Arad is an industrial designer, artist and architect who is just one of the luminaries participating in the Albert Einstein Legacy Project. The project was launched to coincide with the 100th anniversary of the theory of relativity, which was last year, and it also includes the establishment of the Einstein Archives, Research and Visitor Center in Jerusalem and the upcoming Next Einstein Competition, which will kick off with an attempt to break the Guinness World Record for “Largest Gathering of People Dressed as Albert Einstein.” Arad’s book is called Genius: 100 Visions of the Future, and will contain contributions from some of today’s greatest leaders, thinkers and icons, including eight Nobel laureates: Shinya Yamanaka, Steven Chu, Dan Schectman, Jean-Marie Lehn, Sir Harold Kroto, François Englert, Roger D. Kornberg, and Robert J. Aumann. Among other contributors are architect Frank Gehry, former astronaut Chris Hadfield, singer/actress Barbra Streisand, geneticist J. Craig Venter, United States Supreme Court Justice Ruth Bader Ginsburg, authors Chimamanda Ngozi Adichie and Paulo Coehlo, and artist Marina Abramovic.An international committee has been overseeing the process of choosing contributors, who must meet criteria in certain categories such as leadership, influence, innovation and genius. And speaking of genius, the book is entirely 3D printed, pages and all.
“When I began designing this book, I thought, we are dealing with the Einstein legacy — let’s do something that’s relatively new,” said Arad. “That [led] to the creation of this book, where the two-dimensional pages form a three-dimensional portrait. I wanted the design of this book to reflect the legacy of Albert Einstein and I think the honor of the world’s first 3D-printed book is suited to nobody better than one of history’s greatest minds.”
Technically, there have been books 3D printed before, but they’ve mostly been for the purpose of creating tactile reading experiences for the visually impaired, which 3D printing lends itself well to, and they’ve been printed in pieces and then assembled. Arad’s book is going to be 3D printed all in one piece – a first as far as I know. It’s going to be quite a project – each book will require a 12-hour print time plus cool-off, so it’s understandable that it will only be a limited print run.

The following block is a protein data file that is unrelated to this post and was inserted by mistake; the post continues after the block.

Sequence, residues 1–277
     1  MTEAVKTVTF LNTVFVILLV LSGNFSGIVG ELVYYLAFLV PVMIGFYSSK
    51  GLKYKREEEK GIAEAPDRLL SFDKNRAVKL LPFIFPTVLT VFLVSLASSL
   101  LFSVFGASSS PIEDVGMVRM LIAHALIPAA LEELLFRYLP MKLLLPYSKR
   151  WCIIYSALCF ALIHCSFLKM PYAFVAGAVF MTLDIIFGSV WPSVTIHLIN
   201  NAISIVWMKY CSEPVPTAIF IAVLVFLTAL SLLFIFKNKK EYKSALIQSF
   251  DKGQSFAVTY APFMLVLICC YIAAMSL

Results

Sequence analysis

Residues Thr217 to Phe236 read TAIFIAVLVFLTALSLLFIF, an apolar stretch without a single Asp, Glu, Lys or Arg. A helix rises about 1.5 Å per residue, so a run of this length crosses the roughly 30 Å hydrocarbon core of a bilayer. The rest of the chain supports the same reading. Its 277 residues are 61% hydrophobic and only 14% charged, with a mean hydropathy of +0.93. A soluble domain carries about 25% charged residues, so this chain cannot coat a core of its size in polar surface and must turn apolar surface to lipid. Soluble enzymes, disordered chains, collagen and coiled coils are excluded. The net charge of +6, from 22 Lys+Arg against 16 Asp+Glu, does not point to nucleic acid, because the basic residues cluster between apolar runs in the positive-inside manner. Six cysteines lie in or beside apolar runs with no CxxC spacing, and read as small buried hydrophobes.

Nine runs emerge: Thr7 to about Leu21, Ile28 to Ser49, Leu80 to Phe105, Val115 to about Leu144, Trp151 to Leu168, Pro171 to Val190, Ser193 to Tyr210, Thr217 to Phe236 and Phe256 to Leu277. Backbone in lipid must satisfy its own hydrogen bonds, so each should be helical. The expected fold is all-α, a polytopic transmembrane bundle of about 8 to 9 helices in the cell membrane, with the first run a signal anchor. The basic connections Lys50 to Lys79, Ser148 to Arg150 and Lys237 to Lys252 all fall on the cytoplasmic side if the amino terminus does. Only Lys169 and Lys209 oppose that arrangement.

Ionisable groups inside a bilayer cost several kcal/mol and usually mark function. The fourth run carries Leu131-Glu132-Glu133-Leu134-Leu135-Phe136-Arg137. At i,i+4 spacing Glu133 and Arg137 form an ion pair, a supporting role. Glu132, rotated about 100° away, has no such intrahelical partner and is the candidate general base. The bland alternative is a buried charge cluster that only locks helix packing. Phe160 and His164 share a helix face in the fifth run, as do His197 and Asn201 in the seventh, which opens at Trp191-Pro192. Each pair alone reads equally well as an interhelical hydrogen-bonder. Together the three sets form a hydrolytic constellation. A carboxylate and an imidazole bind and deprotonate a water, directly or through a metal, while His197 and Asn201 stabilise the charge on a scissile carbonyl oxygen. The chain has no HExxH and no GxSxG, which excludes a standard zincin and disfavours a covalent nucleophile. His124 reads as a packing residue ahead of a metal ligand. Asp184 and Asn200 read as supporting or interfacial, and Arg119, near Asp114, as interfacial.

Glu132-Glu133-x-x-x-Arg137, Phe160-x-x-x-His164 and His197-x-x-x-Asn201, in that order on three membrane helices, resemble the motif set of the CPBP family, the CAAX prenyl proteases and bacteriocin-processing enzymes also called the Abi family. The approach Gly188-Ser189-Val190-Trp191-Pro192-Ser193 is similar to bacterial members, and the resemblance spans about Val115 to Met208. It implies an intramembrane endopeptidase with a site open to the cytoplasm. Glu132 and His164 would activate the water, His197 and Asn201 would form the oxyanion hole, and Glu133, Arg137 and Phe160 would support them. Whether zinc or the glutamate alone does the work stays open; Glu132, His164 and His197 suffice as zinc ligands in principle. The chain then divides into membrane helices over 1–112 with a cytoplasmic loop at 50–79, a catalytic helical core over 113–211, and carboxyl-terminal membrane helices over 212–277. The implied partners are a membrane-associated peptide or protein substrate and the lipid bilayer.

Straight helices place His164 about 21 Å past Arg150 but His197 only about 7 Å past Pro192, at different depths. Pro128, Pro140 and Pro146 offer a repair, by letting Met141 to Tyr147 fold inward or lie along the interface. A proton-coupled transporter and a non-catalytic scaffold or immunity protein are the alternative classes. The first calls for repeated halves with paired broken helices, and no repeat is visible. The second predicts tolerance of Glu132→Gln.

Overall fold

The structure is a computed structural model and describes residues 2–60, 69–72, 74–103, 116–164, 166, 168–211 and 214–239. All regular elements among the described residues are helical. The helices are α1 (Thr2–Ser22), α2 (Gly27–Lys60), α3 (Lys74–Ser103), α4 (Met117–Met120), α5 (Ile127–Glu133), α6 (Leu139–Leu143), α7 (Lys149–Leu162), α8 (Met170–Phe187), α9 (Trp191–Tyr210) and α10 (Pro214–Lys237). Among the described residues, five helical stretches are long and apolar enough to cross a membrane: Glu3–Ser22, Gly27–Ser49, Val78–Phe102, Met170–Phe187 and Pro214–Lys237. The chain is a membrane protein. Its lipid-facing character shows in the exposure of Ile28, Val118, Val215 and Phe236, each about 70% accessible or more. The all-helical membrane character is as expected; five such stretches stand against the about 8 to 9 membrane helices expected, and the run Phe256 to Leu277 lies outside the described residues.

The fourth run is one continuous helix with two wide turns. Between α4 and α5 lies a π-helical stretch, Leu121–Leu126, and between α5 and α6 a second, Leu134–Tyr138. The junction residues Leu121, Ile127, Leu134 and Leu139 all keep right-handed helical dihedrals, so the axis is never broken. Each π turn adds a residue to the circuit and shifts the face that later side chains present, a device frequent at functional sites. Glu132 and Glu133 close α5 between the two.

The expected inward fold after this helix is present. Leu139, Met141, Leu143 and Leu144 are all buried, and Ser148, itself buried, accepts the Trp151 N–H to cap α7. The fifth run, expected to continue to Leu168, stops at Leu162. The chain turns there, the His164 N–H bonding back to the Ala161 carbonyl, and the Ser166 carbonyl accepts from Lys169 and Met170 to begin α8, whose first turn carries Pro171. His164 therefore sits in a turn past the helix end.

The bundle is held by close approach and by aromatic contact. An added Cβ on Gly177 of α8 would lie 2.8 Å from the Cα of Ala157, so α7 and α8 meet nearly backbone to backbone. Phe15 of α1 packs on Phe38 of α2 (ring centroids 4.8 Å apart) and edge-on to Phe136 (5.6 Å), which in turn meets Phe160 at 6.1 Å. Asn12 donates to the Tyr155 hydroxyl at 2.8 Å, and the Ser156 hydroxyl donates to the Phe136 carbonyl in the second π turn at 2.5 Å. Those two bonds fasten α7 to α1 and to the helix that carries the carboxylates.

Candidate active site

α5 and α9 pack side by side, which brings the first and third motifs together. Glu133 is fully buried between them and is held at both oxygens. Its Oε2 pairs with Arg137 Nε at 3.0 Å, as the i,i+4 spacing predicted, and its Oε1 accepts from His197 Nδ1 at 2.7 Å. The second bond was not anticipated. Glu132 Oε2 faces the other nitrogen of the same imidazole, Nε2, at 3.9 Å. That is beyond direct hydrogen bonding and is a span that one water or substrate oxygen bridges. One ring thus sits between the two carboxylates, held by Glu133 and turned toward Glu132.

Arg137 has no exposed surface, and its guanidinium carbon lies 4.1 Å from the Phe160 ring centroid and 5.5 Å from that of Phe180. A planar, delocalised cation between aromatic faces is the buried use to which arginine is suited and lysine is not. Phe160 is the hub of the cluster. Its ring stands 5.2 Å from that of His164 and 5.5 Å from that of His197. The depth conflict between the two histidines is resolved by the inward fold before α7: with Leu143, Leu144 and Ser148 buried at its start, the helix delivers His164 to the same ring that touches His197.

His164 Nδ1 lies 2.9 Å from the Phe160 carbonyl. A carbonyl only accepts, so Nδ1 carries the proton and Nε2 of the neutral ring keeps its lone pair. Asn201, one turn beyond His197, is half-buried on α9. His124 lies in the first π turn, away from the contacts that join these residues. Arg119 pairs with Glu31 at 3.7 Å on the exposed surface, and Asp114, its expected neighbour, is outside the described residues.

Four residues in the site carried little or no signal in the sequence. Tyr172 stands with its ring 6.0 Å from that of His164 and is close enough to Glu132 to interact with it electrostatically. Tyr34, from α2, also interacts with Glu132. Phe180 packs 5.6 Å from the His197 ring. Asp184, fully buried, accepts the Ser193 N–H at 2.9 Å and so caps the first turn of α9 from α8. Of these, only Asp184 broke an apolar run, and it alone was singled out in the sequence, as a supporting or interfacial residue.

“One of the biggest challenges is to get this printed in one single piece. With 3D printing, you can achieve shapes that you couldn’t using injection molding processes,” said Marcus Hirst, Head of Design at Ron Arad Studio. “But in this instance, we’re looking at pages that are very close together — so close that the machine can regard them as one surface and start to fuse pieces together.”
The shape is the key – the book is going to be 3D printed in the shape of Einstein’s head, crazy hair and all. The project didn’t even start out as a book – it was going to be a simple 3D printed bust, but then Arad got the idea to turn it into a book. It will be 100 pages, with each contributor getting one page and flexible polyamide forming the “paper” of each page. The pages will actually be printed around the words, which will be formed by negative spaace. Arad was originally going to print mechanical hinges for the book’s spine, but because of the flexibility of the polyamide, the pages will serve as their own hinges. The book will be printed with selective laser sintering.
Only 300 of the books will be printed – one of them in zero gravity on the International Space Station. The book’s official (Earthbound) launch will be on September 10 at the Dinner of the Century in Montreal, which will bring together the contributors to the book’s content for a celebration of Einstein’s legacy. Proceeds will go to the Einstein Archives, Research and Visitor Center and the Next Einstein Competition. Discuss in the Einstein forum at 3DPB.com.Lindau Nobel, Popular Science]
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